As I contemplate this past academic year of teaching, I feel pretty good about my classes (and students!), although, as usual, I have some ideas for things I want to change next time. In the end, through all the ups and downs, it was a good year.
And yet.. the perfectionist in me wonders why I can never get the absolutely key, essential, critical, first-order, important concepts through to every single student such that they can demonstrate mastery of these concepts on the final exam. This year, there was one student who somehow made it through 3 courses (1.5 taught by me) that used a particular fundamental concept in many different ways and was unable to show any knowledge of this concept. Do I need to draw it for you? OK:
I have been teaching for >20 years, and the fact that a Science major came up with D as an answer instead of C or A/B shocked me.
Possible explanations for the student's bizarre wrong answer:
- I wrote an ambiguous, poorly worded exam question. Evidence against this: every other student in the class got this part of the question right, and there is no possibility that configuration D is ever correct, no matter how poorly worded the question.
- The student is "intellectually challenged" and doesn't understand even basic concepts that have been presented repeatedly during a year of classes by different instructors. This is not a very convincing explanation and, moreover, is not supported by other evidence for the student's abilities in these courses.
- The student was rushing, was extremely careless, didn't read the question, just jotted something down to make marks on the paper. Maybe, but it's hard to imagine any level of carelessness that could lead to answer D.
- The student was cheating, but did not cheat well. That is, the student glanced at another student's exam, but got the questions and answers mixed up.
No, I don't believe that. I don't believe the student cheated, but even if I am wrong about that, answer D is not even close to any answer to any question on the exam.
- The student knew the answer but experienced exam-stress brain-freeze. Perhaps in a calm moment, the student could easily have produced the correct answer, or at least not a totally wrong, physically impossible, not-even-worth-partial-credit-it's-so-wrong answer. During the exam, however, the student wasn't thinking straight and, for this question, gave what was perhaps the most incorrect answer possible other than leaving the answer entirely blank.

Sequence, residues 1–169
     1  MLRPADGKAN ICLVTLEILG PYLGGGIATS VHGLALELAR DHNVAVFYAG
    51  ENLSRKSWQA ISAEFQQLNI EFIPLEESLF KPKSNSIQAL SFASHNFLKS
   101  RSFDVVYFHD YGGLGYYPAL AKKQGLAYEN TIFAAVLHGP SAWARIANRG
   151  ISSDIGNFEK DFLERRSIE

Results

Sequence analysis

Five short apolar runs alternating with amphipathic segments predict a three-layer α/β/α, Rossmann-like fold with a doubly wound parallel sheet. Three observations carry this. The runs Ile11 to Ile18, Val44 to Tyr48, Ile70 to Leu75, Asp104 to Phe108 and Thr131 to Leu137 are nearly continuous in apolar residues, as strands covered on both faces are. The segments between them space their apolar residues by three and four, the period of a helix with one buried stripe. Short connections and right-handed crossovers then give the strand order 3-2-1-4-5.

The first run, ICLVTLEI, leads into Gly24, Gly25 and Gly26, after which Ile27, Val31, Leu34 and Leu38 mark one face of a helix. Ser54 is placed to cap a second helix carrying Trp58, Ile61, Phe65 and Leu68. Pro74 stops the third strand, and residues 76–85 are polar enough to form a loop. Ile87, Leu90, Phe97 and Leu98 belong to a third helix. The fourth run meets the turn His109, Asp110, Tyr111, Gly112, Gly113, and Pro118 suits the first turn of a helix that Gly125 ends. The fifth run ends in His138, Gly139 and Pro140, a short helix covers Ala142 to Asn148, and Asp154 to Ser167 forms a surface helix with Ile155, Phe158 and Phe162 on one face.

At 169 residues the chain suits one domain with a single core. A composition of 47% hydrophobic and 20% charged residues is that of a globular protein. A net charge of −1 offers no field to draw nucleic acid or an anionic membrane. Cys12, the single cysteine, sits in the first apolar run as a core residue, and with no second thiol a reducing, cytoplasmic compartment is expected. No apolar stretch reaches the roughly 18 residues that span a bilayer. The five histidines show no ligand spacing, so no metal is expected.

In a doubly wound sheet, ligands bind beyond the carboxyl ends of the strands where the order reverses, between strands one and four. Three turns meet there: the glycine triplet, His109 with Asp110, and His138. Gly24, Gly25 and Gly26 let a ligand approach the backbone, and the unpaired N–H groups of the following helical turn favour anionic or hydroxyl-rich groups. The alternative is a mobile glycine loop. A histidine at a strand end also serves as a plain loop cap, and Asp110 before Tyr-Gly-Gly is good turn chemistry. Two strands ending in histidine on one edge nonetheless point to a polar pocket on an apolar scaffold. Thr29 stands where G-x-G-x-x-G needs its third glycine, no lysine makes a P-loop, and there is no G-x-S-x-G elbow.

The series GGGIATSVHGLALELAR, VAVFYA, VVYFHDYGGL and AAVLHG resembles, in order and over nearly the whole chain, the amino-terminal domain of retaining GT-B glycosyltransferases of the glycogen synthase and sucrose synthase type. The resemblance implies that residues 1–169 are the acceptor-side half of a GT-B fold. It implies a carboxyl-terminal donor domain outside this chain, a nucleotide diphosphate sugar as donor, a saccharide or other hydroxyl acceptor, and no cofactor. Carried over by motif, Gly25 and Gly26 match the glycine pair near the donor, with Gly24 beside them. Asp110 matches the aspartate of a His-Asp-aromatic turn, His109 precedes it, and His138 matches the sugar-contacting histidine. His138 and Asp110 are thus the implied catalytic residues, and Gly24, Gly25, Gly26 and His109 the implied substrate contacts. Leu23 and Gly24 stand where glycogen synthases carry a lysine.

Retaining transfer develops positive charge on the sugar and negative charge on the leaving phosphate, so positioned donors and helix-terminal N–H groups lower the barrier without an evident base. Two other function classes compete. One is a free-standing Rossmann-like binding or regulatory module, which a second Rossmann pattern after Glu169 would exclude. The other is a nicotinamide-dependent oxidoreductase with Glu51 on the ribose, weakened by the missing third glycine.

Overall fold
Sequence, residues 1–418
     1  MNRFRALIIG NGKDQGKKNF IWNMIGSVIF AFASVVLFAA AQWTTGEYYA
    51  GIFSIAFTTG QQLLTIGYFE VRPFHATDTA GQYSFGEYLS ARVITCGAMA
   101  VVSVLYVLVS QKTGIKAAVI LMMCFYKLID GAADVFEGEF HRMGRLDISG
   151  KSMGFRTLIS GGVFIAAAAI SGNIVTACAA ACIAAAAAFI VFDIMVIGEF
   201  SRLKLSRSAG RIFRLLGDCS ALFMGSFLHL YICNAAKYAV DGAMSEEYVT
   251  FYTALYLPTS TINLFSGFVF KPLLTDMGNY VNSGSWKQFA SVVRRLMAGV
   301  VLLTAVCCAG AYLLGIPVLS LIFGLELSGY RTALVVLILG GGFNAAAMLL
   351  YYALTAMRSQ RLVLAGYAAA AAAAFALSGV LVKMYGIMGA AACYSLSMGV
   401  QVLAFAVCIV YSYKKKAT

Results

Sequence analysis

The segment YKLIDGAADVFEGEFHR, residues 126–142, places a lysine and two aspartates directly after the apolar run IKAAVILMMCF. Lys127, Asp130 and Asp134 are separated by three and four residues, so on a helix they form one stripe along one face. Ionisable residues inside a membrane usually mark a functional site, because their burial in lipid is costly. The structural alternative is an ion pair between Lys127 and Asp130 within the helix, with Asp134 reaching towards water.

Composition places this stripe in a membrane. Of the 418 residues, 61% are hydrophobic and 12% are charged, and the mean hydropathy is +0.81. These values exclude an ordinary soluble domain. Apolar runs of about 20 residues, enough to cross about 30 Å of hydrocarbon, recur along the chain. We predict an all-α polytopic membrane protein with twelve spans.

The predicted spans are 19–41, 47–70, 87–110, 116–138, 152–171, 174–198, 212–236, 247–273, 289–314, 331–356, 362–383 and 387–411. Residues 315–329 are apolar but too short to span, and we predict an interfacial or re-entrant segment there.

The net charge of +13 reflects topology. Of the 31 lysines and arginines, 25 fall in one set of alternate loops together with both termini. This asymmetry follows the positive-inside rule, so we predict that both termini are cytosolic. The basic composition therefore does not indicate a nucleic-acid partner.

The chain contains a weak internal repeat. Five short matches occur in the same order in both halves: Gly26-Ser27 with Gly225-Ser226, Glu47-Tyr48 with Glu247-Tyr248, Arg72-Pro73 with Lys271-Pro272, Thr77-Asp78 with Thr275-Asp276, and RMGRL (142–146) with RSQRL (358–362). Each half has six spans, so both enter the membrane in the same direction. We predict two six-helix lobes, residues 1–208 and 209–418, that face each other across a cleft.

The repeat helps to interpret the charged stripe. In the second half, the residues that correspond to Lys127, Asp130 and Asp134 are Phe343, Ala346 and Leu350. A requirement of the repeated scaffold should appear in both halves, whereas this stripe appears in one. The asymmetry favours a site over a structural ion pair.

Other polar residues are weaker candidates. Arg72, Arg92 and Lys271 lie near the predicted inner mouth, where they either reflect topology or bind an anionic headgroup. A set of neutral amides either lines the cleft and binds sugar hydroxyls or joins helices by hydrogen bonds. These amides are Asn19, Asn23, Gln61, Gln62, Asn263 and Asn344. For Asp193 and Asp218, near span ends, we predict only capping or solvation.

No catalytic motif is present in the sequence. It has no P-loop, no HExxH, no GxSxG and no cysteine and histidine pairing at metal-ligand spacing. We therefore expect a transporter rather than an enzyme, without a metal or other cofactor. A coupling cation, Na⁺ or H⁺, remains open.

I do not totally reject that possibility, but the concept in question is not complex. The brain-freeze would have had to have been catastrophic. And yet, the only explanation I find even somewhat plausible is that, under stress, the student confused the elementary concept with another concept that was also discussed in these classes. Out of stress or carelessness, the student described this other concept (but even that not correctly).
I suppose a take-home exam with liberal time allowance is a way to alleviate exam-stress of this sort, but I have tried that format in the (distant) past, and know that in this particular course, students prefer to study, take a final exam, and be done. Fortunately, in this class there are many non-exam graded activities so that all but the most severe case of exam-stress doesn't result in a dire grade situation. [And of course, students with documented learning disabilities can take the exam in a testing center, in a quiet room, and in some cases are given extra time to complete the exam.]
When I think back on the most recent class that I taught, the incident described here is one of the things that sticks out most for me. I'm not sure why, except that even professors who have been teaching for a long time may wonder (especially after grading final exams): Didn't I teach them anything? (Or the variant: Didn't they learn anything?).
The answer may well be yes, but some of us are affected by the spectacular outliers: the exam answers that are so bad, they shock us. What does it mean that I am still shockable after all these years of teaching? That I haven't seen it all yet? That there are still teaching adventures -- good and bad -- to be experienced? I hope so.
13 years ago